• The Old New Thing

    Shifting from program management to programming also affects your social life

    • 29 Comments

    My colleague who switched from program management to programming has this to say about unintended consequences:

    1. My wife says that I am much more pleasant to be around.
    2. My social skills appear to have become a lot better, which is really counter-intuitive to the standard image of a developer.

    My take on this is that I developed through the needs of my job as a lead program manager the ability to talk to anyone at any time to get a particular issue dealt with, but that I didn't necessarily want to do this or enjoy the process. After work or on the weekends, my wife was hard pressed to get me to see other people. Now, there is no such issue. The reduction in forced human interaction is such that I am no longer overstretching my ability to interact with people, thus rendering me able to undertake those interactions and actually enjoy it.

    Of course, this doesn't necessarily work for lifelong programmers, since they may not ever have developed these social skills to begin with!

  • The Old New Thing

    Comparing writing specifications to writing code

    • 35 Comments

    My colleague who manages to pack his entire office into a single box recently made the switch from program management to programming. I teased him, "So what's it like using an editor without a 'boldface' button?" His response was actually rather insightful.

    "Writing specifications is like writing a novel. Writing code is like writing poetry."

    When you're writing a specification, you need to start by setting the scene so people understand the problem you're trying to solve. You then explore the world you've created, elaborating on the details necessary to convey your intent, considering all the possibilities and addressing each one.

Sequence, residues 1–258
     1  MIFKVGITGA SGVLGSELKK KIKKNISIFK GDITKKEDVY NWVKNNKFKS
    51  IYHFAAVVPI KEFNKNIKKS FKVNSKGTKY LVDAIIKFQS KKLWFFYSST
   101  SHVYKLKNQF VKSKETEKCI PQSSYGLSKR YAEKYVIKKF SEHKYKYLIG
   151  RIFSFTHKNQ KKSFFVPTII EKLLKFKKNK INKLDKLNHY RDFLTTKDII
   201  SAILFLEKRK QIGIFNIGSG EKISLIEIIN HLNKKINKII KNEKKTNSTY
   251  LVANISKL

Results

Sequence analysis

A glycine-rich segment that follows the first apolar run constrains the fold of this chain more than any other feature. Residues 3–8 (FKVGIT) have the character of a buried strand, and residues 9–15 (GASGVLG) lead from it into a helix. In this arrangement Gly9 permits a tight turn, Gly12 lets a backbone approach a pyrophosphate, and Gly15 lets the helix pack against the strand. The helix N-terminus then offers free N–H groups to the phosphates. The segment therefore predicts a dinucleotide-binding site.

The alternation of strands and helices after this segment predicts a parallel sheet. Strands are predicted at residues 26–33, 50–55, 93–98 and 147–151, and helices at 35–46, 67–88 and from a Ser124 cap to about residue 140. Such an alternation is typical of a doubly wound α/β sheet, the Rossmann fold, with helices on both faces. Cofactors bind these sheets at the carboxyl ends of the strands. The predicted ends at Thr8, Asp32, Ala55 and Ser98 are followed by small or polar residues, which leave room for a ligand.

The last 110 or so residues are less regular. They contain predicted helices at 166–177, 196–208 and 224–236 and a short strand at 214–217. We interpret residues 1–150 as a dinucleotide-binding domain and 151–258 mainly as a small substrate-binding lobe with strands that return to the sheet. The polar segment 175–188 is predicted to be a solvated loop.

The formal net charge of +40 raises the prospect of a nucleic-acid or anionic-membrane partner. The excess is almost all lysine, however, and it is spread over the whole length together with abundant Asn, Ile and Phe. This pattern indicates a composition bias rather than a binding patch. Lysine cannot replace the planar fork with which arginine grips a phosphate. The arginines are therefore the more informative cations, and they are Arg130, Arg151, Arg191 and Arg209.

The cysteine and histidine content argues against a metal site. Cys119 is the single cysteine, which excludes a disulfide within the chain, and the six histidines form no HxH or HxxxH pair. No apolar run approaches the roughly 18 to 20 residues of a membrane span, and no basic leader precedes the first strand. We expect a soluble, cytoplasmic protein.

When you're writing code, you are focused on conciseness. Like a poet, you are thrilled when you find a single expression that covers all the nuances you're trying to convey. You are intent on writing only what is necessary, no more. Beauty is in the small.

    I guess this explains why I was never good at long-form writing.

  • The Old New Thing

    Apparently I can't take myself anywhere

    • 23 Comments

    Upon arriving at the office, I unpack my bicycle bag and remove a crisp new white shirt. I change into my work clothes, and then at 11am, I head to lunch as I usually do. (This is the lunch group that includes JeffDav and occasionally BenCon.) I get a sandwich, sit down, and immediately drip sauce on my brand new shirt. Can't even keep a shirt clean for two hours. Fortunately, I keep a spare shirt in my office so I am able to change and give the now-no-longer-purely-white shirt a bit of a wash in the bathroom sink before the stain set.

  • The Old New Thing

    Viewing function composition as transformation of the domain